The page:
Food Information
Root Vegetables


The sweet potato is a member of the morning glory family. It originated in Central America but is now grown in all areas of the world that have subtropical climates. It is a near-perfect food and is a staple in many of the world's under developed nations.

We mistakenly call one type of sweet potato a yam. The yam is of a different botanical genus, but is often used as a substitute for the sweet potato.

There are two types of sweet potatoes. The ones that we often mistakenly call yams have a deep orange-colored flesh and are very moist and sweet when cooked. They are grown in most of the southern states, with North Carolina, California, and Louisiana as the top producers. Thanks to a curing process, these sweet potatoes are available twelve months of the year.

The other type of sweet potato, which is known as the white sweet or Jersey sweet, is pale yellow or off-white in flesh color. These are not nearly as moist and sweet as the orange-fleshed variety and, except for limited pockets of regional preference (Philadelphia and South Jersey), have been almost completely displaced. Yet in Grandma's day the white sweets had about 90 percent of the market.

While sweet potatoes are available year-round, the two lightest months are June and July. During those months they are nearly a year old and the quality slips as the price rises. The most flavorful sweet potatoes arrive in market during August, September, and October. These are uncured and shipped to market directly from the field.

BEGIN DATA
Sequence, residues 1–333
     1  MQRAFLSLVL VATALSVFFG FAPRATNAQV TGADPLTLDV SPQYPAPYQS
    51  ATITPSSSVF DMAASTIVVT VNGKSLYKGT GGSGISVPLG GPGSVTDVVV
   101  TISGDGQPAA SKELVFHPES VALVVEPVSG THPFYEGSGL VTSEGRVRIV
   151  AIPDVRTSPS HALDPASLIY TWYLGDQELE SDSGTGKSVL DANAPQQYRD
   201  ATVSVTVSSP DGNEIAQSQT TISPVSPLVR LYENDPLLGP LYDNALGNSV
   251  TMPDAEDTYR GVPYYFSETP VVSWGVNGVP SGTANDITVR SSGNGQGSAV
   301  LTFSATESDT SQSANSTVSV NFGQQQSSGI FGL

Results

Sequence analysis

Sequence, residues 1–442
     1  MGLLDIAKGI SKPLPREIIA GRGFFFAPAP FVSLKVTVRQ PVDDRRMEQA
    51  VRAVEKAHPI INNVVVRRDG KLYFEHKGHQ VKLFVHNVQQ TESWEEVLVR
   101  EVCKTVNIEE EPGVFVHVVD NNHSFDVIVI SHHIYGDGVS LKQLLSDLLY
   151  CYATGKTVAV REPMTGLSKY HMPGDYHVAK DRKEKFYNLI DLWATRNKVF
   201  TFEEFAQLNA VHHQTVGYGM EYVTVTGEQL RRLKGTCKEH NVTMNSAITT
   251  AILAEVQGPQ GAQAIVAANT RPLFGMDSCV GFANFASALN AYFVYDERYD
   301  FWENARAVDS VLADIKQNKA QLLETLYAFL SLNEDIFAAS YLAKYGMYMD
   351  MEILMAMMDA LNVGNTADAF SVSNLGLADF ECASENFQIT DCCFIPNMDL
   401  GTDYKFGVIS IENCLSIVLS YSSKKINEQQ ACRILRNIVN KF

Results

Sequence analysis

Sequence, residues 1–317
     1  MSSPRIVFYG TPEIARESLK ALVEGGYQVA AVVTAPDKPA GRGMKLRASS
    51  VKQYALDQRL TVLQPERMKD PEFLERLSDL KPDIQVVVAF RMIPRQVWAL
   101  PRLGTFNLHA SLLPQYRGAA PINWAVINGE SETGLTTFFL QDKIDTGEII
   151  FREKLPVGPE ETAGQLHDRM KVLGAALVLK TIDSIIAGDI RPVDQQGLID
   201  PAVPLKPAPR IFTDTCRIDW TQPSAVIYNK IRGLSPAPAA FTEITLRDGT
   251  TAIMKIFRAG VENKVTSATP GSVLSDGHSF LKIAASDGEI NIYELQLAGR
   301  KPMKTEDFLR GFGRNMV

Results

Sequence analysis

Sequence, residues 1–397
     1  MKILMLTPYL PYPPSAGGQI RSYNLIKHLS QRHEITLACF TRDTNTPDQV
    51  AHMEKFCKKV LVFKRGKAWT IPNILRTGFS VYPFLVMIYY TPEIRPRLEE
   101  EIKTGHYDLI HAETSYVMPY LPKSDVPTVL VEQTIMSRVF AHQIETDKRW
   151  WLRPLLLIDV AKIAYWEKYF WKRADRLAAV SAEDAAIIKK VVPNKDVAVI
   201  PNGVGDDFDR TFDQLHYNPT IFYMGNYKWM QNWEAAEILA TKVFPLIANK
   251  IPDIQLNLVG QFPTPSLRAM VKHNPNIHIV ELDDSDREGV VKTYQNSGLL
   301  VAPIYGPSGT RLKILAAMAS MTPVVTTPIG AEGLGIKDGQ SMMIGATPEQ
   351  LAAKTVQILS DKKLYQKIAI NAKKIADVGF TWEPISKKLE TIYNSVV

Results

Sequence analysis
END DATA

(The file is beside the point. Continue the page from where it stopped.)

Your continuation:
Freshly harvested sweet potatoes have a very short shelf life. Because they have a very high moisture content, they are prone to spot and decay. At best they last four to six weeks before they start to break down. By placing them in a kiln and removing much of this moisture, their shelf life can be extended from a few weeks to more than eight months. Kiln dried sweet potatoes are called cured; those that are not kiln dried are called uncured.

The cured sweet potato isn't quite as soft and moist as the uncured sweet potato; so those that are purchased from August through October will have the best flavor. All the sweet potatoes that are in market during that three month period are uncured; those sold from November until the following August, when the new crop arrives, are cured. There is only one crop per year.

Sweet potatoes are a subtropical vegetable that thrive in warm weather and can't tolerate the cold. Never store them in the refrigerator or they will cut black after cooking. Sweet potatoes are almost as sensitive to refrigeration as bananas are.

When selecting sweet potatoes, always choose those that are firm and shapely and have clear, unmarked skins. Those of medium size are your best bet if you are going to bake them whole, but they usually sell at premium prices. Very small ones taste fine, but may be more trouble to prepare than they are worth. Jumbo ones are good for boiling but take a long time to bake. However, the jumbos usually sell for about half the price of medium sweet potatoes, at least at the wholesale level.

WHEN TO BUY: Available year-round but at peak in August, September and October
WHAT TO LOOK FOR: Firm, shapely vegetables of medium size with clear, unmarked skins
HOW TO STORE: Do not refrigerate

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